ENRON International has begun building a $150-million, 80-megawatt independent power project in Piti, Guam. Enron signed a 20-year energy conversion agreement to develop the baseload, slow-speed...
Evolution or Revolution? Dismantling the FASB Standard on Decommissioning Costs
Treats cost of removal as component of depreciation, under rules and definitions from American Institute of Certified Public Accountants (AICPA) and Uniform System of Accounts: Depreciation denotes "loss in service value"; service value means "difference between original cost and net salvage value"; net salvage value is "salvage value of property less the cost of removal." AICPA describes depreciation as a "systematic and rational" process of allocation.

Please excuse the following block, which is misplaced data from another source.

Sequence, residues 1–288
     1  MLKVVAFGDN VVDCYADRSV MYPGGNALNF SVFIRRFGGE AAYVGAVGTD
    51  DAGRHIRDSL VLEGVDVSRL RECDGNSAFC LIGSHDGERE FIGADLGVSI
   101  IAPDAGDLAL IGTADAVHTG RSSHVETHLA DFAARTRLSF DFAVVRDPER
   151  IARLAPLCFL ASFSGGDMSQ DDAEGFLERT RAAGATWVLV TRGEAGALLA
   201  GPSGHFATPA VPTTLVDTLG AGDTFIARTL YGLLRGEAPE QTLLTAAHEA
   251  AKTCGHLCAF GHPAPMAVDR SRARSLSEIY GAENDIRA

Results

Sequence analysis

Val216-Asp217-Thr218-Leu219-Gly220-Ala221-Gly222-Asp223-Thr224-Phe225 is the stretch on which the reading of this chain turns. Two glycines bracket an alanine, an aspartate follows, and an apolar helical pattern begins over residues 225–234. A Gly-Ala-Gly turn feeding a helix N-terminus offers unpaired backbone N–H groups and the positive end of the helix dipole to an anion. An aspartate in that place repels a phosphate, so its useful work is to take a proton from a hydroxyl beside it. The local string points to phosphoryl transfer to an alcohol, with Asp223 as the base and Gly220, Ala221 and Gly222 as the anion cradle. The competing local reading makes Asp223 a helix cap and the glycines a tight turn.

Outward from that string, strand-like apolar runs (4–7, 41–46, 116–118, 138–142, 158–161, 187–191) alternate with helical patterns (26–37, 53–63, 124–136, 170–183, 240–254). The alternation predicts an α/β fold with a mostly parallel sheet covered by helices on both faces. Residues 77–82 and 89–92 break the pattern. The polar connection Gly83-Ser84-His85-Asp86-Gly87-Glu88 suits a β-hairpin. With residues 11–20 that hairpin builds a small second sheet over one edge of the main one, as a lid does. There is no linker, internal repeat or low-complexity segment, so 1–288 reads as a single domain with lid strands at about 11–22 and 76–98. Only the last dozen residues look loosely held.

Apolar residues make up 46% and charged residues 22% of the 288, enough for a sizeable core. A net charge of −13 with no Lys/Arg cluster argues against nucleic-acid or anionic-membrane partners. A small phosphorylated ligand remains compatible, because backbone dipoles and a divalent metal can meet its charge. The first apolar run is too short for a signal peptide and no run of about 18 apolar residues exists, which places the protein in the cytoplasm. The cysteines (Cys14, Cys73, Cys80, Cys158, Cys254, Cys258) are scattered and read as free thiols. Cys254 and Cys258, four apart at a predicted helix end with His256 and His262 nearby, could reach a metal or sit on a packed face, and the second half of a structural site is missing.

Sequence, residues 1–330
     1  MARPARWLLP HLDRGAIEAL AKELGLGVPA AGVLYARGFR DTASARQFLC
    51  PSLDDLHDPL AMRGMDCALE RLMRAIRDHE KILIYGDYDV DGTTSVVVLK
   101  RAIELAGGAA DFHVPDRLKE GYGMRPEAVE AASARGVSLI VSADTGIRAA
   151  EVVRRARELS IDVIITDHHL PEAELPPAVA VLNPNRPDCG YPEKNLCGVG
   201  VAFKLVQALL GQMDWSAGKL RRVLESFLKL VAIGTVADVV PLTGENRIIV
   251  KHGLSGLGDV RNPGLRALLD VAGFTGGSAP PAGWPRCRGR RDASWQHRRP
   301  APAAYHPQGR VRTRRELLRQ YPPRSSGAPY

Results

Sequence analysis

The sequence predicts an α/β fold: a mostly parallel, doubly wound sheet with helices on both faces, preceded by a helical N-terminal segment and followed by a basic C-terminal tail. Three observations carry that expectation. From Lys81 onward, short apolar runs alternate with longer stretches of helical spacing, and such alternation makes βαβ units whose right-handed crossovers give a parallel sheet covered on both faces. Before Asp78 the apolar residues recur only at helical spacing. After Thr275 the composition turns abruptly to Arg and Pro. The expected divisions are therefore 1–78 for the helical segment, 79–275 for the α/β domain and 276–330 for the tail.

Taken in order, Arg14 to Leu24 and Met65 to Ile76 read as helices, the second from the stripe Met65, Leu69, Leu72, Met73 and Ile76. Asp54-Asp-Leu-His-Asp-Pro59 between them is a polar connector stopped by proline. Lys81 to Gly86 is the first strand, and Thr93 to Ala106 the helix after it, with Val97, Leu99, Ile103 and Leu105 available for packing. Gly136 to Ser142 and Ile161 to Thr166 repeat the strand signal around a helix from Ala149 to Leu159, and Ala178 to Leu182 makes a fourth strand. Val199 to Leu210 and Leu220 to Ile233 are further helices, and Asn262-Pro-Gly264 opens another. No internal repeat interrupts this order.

FASB Standard. As proposed, however, the FASB statement would discount, and thus backload, cost of removal under its liability treatment (cash treatment makes backloading even worse). This backloading lies at odds with typical usage patterns (constant or declining) for energy utility property.
Rationalization. The exposure draft would reconcile this conflict by claiming that the term salvage, as used in the AICPA definition of "depreciation," denotes only "gross salvage," without offset for cost of removal.
*The exposure draft acknowledges the problem: "The amounts charged to customers for costs of closure or removal may differ from the expense recognized in accordance with this Statement" (Exposure Draft, para. 22, pp. 6-7).
1 Exposure Draft, Proposed Statement of Financial Accounting Standards, Accounting for Certain Liabilities Related to Closure or Removal of Long-lived Assets, No. 158-B, Feb. 7, 1996, para. 6, p. 2 (Financial Accounting Standards Board).
2 Id., para. 4, p. 2.
3 Id., para. 5, p. 2.
4 Id., para. 7, pp. 2-3.
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